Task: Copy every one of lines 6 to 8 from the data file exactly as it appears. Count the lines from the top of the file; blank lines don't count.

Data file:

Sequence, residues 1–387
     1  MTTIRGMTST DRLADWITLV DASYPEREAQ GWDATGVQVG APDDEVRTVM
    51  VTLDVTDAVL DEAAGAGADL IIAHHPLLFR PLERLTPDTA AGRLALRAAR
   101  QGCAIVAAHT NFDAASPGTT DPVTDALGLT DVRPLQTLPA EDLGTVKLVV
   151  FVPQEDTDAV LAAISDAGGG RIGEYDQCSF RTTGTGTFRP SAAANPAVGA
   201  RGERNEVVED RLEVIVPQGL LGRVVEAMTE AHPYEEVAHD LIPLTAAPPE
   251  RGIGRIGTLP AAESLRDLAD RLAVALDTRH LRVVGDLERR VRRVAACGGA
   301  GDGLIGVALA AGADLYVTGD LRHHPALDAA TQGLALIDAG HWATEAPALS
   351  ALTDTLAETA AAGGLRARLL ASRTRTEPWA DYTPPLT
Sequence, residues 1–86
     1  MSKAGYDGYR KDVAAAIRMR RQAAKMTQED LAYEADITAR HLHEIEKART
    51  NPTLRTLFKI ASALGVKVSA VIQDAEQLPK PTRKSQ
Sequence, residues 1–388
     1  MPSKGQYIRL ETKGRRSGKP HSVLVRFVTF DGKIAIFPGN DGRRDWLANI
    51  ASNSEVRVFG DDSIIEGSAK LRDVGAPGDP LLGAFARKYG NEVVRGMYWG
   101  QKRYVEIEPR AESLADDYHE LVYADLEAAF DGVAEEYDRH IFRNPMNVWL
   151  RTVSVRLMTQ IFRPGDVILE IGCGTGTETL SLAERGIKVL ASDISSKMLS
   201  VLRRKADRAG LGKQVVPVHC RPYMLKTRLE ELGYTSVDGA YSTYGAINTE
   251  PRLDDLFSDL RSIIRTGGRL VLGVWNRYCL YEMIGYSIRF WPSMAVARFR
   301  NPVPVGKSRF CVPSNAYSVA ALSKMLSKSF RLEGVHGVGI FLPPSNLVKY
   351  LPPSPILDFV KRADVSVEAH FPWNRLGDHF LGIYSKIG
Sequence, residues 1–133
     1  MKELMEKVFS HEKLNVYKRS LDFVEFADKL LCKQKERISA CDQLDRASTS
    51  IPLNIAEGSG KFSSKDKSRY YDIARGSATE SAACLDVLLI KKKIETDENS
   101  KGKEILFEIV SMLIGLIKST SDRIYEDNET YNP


   201  RGERNEVVED RLEVIVPQGL LGRVVEAMTE AHPYEEVAHD LIPLTAAPPE
   251  RGIGRIGTLP AAESLRDLAD RLAVALDTRH LRVVGDLERR VRRVAACGGA
   301  GDGLIGVALA AGADLYVTGD LRHHPALDAA TQGLALIDAG HWATEAPALS